Plant roots are able to exploit below-ground resource heterogeneity in several ways. An increase in root length allocation within nutrient-rich patches is one of the most striking and frequently demonstrated (Hutchings & de Kroon 1994; Robinson 1994). However, species differ in root system morphology (Fitter 1985), and in the scale and precision of their response to patches of different size and quality (Einsmann et al. 1999; Farley & Fitter 1999). Such differences may affect the outcome of interspecific competition, although there is relatively little experimental evidence to support or refute these suggestions (but see Cahill & Casper 1999; Fitter 1982; Robinson et al. 1999). The ability of species to proliferate roots within a nitrogen-rich, organic patch can increase nitrogen capture, and hence competitive ability (Hodge et al. 1999).
Tilman (1982) suggested that soil heterogeneity should lead to an increase in species coexistence, and that this effect should be most marked in nutrient-poor habitats. The concentration of nutrients in surface horizons, caused by organic matter accumulation and nutrient deposition at the soil surface, is a widespread and predictable source of nutrient heterogeneity in undisturbed soils. This is a particularly strong feature of heathland soils, characterized by organic upper horizons above leached, mineral, lower horizons (Gimingham 1972). Grass roots are found at greater depth when co-occurring with ericaceous dwarf shrubs (Gimingham 1972), and this has been suggested as a mechanism that reduces resource competition in heathland communities (Smith & Read 1997).
The ericaceous dwarf shrub Calluna vulgaris (L.) Hull and the coarse grass Nardus stricta (L.) are naturally co-occurring species of Scottish upland heaths. In recent decades, large areas of Calluna heath have been replaced by Nardus-dominated grassland. Preferential grazing of Calluna over Nardus is though to be the main mechanism of this replacement, particularly at high nutrient levels (Hartley 1997).
Calluna and Nardus have contrasting root systems (Genney et al. 2000), in common with other ericaceous dwarf shrubs and grasses (Aerts 1993; Read 1996). Calluna produces an abundance of fine hair-roots (≈ 0·1 mm diameter) that proliferate in the upper organic soil horizons (Aerts 1993; Gimingham 1960). These roots are normally heavily colonized by ericoid mycorrhizal (ErM) fungi. This is of functional significance because ErM fungi can access N and P from decaying plant and fungal matter within the litter and humic horizons, and consequently increase host-plant nutrition (Kerley & Read 1998). In contrast, Nardus is a relatively coarse-rooted grass that produces numerous, thick, unbranched roots (1–2 mm diameter) that penetrate to depths of 50 cm or more, along with shallower, fine lateral roots (<0·5 mm diameter) (Chadwick 1960). Nardus roots may be colonized by arbuscular mycorrhizal (AM) fungi (Ali 1969), which improve uptake of immobile nutrients such as phosphorus (Smith & Read 1997) and have recently been shown to increase decomposition of, and nitrogen capture from, patches of organic matter (Hodge et al. 2001).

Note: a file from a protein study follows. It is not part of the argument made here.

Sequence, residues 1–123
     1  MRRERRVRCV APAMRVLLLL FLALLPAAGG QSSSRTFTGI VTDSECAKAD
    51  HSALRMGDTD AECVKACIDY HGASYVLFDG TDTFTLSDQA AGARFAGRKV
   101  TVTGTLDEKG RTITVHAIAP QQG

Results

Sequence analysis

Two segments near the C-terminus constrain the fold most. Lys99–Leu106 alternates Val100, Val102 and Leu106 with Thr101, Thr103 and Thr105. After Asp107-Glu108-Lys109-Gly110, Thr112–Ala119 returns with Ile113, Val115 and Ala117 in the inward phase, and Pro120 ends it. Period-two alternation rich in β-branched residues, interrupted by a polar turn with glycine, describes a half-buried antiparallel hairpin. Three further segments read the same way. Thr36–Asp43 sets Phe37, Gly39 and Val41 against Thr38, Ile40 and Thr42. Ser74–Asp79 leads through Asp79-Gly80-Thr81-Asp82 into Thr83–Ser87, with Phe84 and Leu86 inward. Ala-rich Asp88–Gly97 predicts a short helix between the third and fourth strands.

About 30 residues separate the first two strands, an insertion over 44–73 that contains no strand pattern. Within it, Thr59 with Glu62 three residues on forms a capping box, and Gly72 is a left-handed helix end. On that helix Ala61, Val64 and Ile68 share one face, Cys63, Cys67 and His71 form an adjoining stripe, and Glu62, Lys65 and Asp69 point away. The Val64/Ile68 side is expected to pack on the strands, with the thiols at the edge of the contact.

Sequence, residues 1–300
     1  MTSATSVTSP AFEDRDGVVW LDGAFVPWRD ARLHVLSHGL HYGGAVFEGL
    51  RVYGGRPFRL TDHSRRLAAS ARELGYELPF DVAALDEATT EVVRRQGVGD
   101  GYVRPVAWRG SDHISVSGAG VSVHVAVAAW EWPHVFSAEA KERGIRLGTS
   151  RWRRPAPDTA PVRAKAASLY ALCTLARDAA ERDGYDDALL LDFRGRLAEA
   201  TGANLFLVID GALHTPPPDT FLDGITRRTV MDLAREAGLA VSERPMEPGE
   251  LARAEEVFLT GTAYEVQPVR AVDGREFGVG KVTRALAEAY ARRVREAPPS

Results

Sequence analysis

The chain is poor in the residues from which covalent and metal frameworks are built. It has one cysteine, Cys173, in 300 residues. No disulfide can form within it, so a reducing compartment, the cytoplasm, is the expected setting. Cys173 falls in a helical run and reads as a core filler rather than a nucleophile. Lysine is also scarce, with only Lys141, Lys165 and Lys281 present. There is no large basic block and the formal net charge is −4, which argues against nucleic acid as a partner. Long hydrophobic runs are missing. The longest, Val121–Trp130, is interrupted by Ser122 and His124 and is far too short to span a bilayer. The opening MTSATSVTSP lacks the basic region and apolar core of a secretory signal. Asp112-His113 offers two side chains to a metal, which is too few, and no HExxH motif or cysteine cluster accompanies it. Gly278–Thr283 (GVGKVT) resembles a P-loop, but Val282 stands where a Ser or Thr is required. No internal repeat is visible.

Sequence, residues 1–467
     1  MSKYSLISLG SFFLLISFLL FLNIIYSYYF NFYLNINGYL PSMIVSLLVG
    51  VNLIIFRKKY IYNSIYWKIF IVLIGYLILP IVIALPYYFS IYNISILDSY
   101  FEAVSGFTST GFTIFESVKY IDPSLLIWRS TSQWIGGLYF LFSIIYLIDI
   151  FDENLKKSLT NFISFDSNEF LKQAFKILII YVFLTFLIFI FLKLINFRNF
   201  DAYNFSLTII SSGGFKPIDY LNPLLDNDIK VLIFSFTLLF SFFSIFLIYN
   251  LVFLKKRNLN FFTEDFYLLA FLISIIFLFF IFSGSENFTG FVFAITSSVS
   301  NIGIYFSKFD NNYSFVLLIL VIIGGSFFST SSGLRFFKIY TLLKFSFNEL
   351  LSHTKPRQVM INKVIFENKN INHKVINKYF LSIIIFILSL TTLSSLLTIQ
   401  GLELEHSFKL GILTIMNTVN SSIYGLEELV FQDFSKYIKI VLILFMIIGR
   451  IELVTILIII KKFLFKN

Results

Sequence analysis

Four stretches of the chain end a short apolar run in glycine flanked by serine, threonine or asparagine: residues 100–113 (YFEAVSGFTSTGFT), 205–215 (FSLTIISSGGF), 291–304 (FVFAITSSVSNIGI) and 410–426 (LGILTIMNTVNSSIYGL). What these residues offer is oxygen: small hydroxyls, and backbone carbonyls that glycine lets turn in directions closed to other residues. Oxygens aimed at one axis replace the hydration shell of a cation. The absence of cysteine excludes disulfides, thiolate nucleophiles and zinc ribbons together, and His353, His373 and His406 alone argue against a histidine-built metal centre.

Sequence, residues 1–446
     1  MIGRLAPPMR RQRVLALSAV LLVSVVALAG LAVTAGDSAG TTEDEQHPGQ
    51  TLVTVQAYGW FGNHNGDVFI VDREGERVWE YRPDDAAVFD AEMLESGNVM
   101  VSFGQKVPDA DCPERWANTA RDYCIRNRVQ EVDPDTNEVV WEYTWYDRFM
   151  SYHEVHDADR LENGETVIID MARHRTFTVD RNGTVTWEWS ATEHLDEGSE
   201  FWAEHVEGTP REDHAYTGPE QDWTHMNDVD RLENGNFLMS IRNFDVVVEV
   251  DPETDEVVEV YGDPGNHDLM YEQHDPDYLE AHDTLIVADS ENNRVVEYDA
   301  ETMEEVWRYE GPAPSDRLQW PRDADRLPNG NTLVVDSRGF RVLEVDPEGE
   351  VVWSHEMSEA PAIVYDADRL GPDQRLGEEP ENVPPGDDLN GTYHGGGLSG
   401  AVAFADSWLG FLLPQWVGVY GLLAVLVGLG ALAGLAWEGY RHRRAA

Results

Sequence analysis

In a previous study (Genney et al. 2000) we demonstrated that, when grown alone in a layered organic/sand substrate, Nardus allocated the greatest proportion of its root length to the organic layer. However, Calluna was the superior competitor when the species were grown together (competition with Calluna reduced Nardus mass more than competition with other Nardus), and this was attributed to the ability of Calluna partially to exclude Nardus roots from the surface organic layer. It was not, however, possible to determine whether this was caused by the superior ability of Calluna to respond selectively to the nutrient-rich layer by plastic root allocation, or because it had predetermined root allocation. The study reported here was designed to distinguish between these two possibilities. Our objectives were to measure (i) the vertical root length allocation of Calluna and Nardus when grown alone (monocultures) in a layered or in a mixed peat/sand substrate; and (ii) the comparable root length allocation patterns when the species are grown together (mixtures), and also to determine how root allocation patterns affect Calluna/Nardus competition in the layered and mixed substrate.